(i) ICICI Prudential Life Insurance Co. Ltd Vs. Veena Sharma & antr. IV 2014 CPJ 580 NC - held that the insurance company is required to prove with credible evidence that complainant was suffering from pre-existing disease and insured had knowing failed to disclose the same. The production of discharge summary card would not be enough and repudiation was also held not justified.


(ii) Om Parkash Ahuja Vs Reliance General Insurance Co Ltd. 2021 Livelaw SC 509, held  that when the insurance company issue the policy, after accepting of concealment of  disease at the time of purchase of policy, then it cannot later-on refuse further claims or renewal of policy on the same ground.


(iii) National Insurance Co. Ltd Vs Radhey Shyam Balwada & anr [(II) 2014 CPJ 201 NC] - held that insurer has also duty to act in good faith, which obliges him to enter into contract without concealing material fact like exclusion clauses.  Further, an insured is not bound by the exclusion clauses of policy, if the same is not explained to him.


(iv) In  Bharat Watch Company (through its partners) vs National Insurance Co. Ltd., Civil Appeal no. 3912/2019 in SLP(C) no. 25468/2016, it was held that in the absence of appellant being made aware of terms of exclusions, it is not open to the insurer to rely upon exclusionary clauses.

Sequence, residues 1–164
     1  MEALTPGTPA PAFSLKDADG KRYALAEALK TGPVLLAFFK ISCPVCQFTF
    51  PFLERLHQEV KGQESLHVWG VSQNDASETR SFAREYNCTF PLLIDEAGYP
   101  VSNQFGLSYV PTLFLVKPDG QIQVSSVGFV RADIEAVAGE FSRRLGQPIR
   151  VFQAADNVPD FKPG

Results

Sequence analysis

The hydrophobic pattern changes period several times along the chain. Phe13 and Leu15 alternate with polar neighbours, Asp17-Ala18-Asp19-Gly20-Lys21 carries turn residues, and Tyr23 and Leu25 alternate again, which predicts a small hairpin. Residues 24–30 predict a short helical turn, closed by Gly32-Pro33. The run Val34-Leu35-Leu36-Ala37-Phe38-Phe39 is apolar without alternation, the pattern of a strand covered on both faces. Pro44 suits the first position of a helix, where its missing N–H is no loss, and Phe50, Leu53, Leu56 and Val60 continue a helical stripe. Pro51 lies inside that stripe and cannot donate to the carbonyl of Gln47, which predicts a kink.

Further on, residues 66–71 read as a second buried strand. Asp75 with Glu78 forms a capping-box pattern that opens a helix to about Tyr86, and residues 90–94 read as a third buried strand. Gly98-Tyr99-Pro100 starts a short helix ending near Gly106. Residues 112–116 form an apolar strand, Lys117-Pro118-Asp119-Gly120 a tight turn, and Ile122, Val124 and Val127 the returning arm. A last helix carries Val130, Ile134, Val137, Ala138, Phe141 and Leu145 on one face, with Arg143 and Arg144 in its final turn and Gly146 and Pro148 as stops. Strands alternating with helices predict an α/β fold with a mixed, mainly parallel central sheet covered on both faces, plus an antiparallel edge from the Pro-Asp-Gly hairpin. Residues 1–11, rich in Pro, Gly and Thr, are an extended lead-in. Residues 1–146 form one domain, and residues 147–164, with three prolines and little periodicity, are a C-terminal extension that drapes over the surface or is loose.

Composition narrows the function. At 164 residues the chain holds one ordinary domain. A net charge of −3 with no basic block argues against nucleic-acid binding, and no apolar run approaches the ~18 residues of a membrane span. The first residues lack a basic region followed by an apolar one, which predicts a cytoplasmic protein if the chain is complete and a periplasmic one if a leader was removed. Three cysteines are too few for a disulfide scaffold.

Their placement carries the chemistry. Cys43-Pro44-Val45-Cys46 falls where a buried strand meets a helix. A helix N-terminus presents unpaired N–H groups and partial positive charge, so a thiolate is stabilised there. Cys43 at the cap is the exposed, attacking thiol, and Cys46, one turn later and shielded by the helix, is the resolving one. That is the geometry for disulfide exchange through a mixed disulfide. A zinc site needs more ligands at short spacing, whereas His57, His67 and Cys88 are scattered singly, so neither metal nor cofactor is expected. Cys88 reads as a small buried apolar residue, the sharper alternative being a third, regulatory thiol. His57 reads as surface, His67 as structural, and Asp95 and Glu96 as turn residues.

6.2.2. The OP  has fortify its contentions by deriving reasons in its support from the following cases:-

(a) Satwant Kaur Sandhu Vs.New India Assurance Co. Ltd. (2009) 8 SCC 316-
'when information on a specific aspect is asked for in the proposal form, the assured is under a solemn obligation to make a true and full disclosure of the information on the subject which is within his knowledge. Obligation to disclose extends only to facts which are known to the applicant and not to what he ought to have known.
Whether the information sought for is material for the purpose of the policy is a matter not to be determined by the proposer.                                   .

" a medi-claim policy is a non-life insurance policy meant to assure the policy holder in respect of certain expenses pertaining to injury, accidents or hospitalizations".

Nonetheless, it is a contract of insurance falling in the category of contract uberrimae fidei, meaning  contract of utmost good faith on the part of the assured. Thus, when an information on a specific aspect is asked for in the proposal form, an assured is under a solemn obligation to make a true and full disclosure of the information on the subject which is within his knowledge. It is not for the proposer to determine whether the information."

(Further held in Para 29)- "Judged from any angle, we have no hesitation in coming to the conclusion that the statement made by the insured in the proposal form as to the state of his health was palpably untrue to his knowledge. There was clear suppression of material facts in regard to the health of the insured and, therefore, the respondent insurer was fully justified in repudiating the insurance contract. We do not find any substance in the contention of learned counsel for the appellant that reliance could not be placed on the certificate obtained by the respondent from the hospital, where the insured was treated."